Being a writer, I am biased in favor of the printed word; but there are limits. I was reminded of them when I came across an engaging account of travel across the United States in 1882 by one Walter Gore Marshall, entitled Through America: Or Nine Months in the United States (available here on Google Books). The prosperous 1880s brought dozens of travelers from abroad, eager to explore the United States and then write travel accounts, Marshall among them. (Others included Robert Louis Stevenson, whose journey I have noted in an earlier entry.)
Marshall lauds the beauty of my home country, here along the Hudson River, opining that the best time to see the river is autumn, "when its well-timbered banks are clothed with those rich and glorious tints; when the maples, elms and oaks have put on their autumnal dress, and their leaves have turned to bright crimson and gold; when the whole of this part of the country, in truth, is decked in the gayest and most brilliant colours." Happily, that season remains vibrant in the twenty-first century, but the Hudson River in the 1880s was a much busier thoroughfare, filled with both "palatial steamers...with a band of music on board" as well as freight haulers. "Scores of canal barges laden with every variety of merchandise, may often be seen lashed together in one long line, tugged by two or more steamers. Once I remember seeing two tugs abreast dragging after them down-stream forty of these barges, which were strung together in eight lots, five in each lot. Following close behind these came a second string of twenty-six, with three steamers tugging them; behind these, again, came a third string of thirty-eight, towed by three steamers likewise. Thus there was a procession of one hundred and four barges in three detachments drawn by eight steam-tugs!"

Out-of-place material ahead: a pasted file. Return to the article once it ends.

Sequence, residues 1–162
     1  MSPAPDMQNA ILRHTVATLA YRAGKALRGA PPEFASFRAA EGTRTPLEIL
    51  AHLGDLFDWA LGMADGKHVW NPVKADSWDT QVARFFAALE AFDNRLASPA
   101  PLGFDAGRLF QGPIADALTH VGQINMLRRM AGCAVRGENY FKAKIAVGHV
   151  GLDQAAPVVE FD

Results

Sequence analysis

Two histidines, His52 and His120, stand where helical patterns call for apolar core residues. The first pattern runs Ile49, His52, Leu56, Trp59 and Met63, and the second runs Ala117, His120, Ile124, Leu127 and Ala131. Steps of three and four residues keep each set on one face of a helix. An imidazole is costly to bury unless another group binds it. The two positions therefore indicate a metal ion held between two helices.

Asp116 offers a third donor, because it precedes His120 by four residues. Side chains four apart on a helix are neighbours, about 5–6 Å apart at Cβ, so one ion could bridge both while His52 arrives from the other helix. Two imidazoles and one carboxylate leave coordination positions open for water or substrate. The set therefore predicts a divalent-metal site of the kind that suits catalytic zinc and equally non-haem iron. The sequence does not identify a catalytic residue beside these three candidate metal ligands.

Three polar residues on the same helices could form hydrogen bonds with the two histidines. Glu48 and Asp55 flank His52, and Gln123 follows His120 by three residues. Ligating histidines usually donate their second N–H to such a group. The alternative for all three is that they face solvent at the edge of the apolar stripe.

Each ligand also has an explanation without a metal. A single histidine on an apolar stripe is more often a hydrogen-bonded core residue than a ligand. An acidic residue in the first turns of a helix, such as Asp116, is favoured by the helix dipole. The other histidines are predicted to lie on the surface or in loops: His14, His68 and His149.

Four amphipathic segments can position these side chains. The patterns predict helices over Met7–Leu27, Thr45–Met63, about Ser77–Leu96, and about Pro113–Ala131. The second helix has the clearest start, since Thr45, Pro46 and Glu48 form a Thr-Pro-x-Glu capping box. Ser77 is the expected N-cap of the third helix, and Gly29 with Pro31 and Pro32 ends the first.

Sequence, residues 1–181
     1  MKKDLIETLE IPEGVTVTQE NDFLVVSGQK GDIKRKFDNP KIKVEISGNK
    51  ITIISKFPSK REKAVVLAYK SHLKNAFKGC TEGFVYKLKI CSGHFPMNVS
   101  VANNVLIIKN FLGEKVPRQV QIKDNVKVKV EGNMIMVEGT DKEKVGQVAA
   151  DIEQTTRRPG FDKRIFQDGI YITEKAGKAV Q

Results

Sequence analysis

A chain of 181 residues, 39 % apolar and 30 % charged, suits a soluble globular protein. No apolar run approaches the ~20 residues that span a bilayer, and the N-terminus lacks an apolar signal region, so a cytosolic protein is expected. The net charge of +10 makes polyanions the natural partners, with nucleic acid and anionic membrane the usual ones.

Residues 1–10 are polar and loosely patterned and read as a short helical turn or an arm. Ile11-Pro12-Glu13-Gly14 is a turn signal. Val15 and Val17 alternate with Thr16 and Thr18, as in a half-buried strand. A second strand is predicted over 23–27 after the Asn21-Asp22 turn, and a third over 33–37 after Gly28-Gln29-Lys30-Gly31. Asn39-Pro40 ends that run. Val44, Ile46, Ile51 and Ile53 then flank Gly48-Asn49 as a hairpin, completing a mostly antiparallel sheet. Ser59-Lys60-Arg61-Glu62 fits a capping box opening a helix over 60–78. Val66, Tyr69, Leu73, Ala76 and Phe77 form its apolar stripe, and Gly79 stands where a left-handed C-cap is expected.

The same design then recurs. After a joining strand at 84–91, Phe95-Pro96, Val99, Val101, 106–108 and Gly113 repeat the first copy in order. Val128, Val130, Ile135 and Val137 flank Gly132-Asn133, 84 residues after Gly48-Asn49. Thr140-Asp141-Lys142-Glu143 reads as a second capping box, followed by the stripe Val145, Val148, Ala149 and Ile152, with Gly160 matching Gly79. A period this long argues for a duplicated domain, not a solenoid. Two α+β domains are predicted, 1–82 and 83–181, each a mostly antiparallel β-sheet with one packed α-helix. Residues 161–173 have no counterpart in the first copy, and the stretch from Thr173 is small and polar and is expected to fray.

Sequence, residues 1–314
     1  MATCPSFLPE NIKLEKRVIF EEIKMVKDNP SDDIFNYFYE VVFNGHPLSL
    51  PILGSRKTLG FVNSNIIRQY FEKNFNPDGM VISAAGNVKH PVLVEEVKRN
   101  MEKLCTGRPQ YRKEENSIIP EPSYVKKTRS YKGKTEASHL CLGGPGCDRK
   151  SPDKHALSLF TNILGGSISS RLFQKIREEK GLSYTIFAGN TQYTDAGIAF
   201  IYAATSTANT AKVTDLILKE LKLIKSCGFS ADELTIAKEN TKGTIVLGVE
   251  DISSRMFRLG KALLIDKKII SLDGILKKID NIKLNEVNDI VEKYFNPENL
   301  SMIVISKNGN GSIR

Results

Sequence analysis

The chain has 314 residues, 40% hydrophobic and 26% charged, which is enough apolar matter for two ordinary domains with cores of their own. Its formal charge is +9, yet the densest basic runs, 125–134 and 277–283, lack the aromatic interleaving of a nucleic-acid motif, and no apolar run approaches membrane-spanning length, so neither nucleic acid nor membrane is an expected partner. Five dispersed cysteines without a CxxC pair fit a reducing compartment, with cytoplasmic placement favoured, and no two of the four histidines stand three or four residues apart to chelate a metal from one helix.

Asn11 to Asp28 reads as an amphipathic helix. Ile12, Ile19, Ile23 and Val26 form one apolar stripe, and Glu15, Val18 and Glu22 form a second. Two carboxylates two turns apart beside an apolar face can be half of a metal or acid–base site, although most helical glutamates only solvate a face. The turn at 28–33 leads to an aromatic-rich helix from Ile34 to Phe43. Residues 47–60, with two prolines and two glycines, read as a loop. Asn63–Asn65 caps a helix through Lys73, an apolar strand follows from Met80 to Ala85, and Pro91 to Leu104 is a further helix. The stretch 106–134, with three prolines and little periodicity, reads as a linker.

But Marshall could not omit another less appealing feature of the river in his day, "the huge staring white-paint advertisemens of pills, plasters, etc., which here figure up as prominently as usual. Who is there who does not call to mind that conspicuous notice relating to "GERMAN LAUNDRY SOAP" planted at the base of the Palisades on the west bank of the river, and which can be plainly read from the opposite shore, though the river must be here more than a mile wide at least?" When Marshall boarded the New York Central on his train trip across the country, he found such defacements on view everywhere:
Standing in the long shadow of this year's Earth Day, though there is much to fear from the ravages being plotted by the current administration, we are provided at least some comfort in knowing that the billboard aesthetic of the previous century is receding.
James West Davidson
Occasional thoughts on history, teaching, paddling and the outdoors